The Antarctic Legacy of South Africa project has been pretty busy this last month behind the scenes, so website postings have been on hold for quite a while. We are excited and proud to break this drought with the news that ALSA is shortly to publish its first book, in what it is hoped will be a series of publications to emerge this and next year.
In 1965 Brian Huntley, then only 20, travelled to Marion Island for a 15-month sojourn as the botanist on the First South African Biological and Geological Expedition. While ashore he kept a daily diary which he has now edited for publication. The book from the diary, arranged thematically rather than chronologically and with each chapter introduced by text written by Brian this year, is a significant record of life on a sub-Antarctic island half a century ago.
Highlights of Brian’s diary include two visits to nearby Prince Edward Island, most probably the first time anyone since the sealing days has stayed overnight; what is pretty definitely the first summiting of Marion after several attempts; and observations on the sealing huts of which remains then still existed. But the diary is more than anything an account how a young botanical researcher conducted and thought about his research in the field. Island life is not left out and Brian’s describes living with fellow team members in the days before Internet (or for that matter before an island deep freeze, microwaves and digital cameras). Preliminaries for a braai (barbecue) on Marion in the 1960s were more than just lighting the fire, before that there was a sheep to slaughter…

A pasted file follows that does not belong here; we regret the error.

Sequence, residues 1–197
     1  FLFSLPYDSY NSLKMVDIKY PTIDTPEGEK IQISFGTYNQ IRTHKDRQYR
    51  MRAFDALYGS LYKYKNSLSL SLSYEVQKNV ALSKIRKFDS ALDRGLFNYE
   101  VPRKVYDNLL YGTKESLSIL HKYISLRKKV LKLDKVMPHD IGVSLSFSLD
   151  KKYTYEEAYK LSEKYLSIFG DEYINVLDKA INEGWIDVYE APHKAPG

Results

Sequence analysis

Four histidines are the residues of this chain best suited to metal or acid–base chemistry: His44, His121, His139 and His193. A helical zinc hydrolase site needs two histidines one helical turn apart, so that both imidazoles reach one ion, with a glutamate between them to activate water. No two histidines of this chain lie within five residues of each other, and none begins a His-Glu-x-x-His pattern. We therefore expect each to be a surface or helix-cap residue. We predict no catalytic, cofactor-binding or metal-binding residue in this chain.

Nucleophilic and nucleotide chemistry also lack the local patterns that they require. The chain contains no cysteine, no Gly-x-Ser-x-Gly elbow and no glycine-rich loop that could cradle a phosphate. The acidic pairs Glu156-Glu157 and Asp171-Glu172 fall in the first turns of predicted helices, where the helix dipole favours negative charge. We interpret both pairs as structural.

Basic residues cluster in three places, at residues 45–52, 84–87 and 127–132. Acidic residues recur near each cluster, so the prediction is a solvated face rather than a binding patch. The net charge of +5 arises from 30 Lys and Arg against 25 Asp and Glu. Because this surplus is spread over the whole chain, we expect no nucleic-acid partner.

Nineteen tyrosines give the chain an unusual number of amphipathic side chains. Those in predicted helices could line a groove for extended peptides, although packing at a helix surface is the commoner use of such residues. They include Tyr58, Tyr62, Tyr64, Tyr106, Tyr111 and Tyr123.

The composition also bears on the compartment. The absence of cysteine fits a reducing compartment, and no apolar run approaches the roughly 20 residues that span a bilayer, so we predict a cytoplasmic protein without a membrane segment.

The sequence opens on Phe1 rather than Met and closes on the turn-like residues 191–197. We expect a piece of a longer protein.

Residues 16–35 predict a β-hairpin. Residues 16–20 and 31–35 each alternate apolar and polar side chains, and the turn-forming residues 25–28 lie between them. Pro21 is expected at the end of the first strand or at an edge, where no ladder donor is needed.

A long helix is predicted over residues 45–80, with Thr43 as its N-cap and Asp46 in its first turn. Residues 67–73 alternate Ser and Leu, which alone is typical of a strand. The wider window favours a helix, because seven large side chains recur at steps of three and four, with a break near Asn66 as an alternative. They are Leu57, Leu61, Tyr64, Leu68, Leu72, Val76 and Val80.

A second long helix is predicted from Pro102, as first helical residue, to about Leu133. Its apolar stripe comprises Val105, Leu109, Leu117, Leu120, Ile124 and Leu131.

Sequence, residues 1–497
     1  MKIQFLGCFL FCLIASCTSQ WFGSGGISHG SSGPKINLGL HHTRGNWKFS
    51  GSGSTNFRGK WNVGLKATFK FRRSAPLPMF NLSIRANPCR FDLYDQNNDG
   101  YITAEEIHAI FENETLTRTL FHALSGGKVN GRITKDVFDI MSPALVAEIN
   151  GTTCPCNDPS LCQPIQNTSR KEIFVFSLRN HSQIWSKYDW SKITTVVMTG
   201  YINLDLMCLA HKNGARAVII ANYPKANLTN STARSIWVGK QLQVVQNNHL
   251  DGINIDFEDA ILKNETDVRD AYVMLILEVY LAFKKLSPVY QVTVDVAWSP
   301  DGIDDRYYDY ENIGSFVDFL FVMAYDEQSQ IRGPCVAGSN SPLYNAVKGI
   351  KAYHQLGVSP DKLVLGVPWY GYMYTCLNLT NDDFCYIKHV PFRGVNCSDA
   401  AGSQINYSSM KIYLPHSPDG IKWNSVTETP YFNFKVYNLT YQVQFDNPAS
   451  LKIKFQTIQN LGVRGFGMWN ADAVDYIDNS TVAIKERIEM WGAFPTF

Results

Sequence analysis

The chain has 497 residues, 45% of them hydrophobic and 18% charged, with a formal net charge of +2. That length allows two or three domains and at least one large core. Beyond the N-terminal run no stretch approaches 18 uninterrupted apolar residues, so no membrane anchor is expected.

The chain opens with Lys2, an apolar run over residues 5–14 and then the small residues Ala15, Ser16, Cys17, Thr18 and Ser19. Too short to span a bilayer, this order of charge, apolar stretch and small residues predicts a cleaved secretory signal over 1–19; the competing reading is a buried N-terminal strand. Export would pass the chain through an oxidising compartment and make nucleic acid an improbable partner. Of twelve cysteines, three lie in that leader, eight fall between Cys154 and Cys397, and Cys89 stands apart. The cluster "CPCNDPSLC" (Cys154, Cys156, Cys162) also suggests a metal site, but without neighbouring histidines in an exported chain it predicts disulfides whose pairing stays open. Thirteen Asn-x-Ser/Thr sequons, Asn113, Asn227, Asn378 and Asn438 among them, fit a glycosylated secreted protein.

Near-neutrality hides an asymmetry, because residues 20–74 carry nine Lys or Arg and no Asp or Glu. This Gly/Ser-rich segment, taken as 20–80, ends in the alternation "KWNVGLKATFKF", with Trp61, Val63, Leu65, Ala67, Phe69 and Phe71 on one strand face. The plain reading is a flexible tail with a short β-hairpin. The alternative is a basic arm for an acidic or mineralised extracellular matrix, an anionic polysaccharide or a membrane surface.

Brian Huntley’s diary has now gone to the printer. It will be launched at an evening function at Stellenbosch University next month when the book, illustrated in full colour with Brian’s photos taken at the time, can be purchased, with the author available to sign copies. A review of ALSA’s first book will appear on this website in due course.
Thanks go to the National Research Foundation for a grant in aid of publication and to Stacey Jansen of SUN MeDIA for her efficient lay-out design and typesetting.
John Cooper, Antarctic Legacy of South Africa, Department of Botany and Zoology, Stellenbosch University, 21 April 2016